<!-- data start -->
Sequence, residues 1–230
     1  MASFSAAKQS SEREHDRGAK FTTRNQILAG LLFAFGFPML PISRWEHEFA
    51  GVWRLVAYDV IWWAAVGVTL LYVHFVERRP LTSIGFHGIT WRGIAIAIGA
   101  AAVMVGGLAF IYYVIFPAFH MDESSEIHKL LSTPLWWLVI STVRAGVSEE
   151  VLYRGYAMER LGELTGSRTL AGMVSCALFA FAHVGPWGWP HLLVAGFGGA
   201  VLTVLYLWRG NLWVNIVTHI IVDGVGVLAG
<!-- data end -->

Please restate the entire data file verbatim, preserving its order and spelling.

Sequence, residues 1–230
     1  MASFSAAKQS SEREHDRGAK FTTRNQILAG LLFAFGFPML PISRWEHEFA
    51  GVWRLVAYDV IWWAAVGVTL LYVHFVERRP LTSIGFHGIT WRGIAIAIGA
   101  AAVMVGGLAF IYYVIFPAFH MDESSEIHKL LSTPLWWLVI STVRAGVSEE
   151  VLYRGYAMER LGELTGSRTL AGMVSCALFA FAHVGPWGWP HLLVAGFGGA
   201  VLTVLYLWRG NLWVNIVTHI IVDGVGVLAG